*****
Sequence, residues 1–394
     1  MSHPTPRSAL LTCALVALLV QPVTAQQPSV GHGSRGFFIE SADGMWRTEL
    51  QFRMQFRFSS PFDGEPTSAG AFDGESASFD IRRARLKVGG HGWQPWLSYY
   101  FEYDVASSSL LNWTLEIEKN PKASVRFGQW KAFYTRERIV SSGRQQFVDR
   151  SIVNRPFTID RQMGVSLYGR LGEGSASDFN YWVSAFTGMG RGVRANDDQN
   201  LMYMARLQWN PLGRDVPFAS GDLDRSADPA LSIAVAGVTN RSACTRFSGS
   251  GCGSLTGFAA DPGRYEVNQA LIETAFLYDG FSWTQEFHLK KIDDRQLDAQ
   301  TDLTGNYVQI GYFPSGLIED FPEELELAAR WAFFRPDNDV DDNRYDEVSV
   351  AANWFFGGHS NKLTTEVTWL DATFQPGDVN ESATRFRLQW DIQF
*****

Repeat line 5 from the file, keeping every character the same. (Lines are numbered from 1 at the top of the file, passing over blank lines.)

   151  SIVNRPFTID RQMGVSLYGR LGEGSASDFN YWVSAFTGMG RGVRANDDQN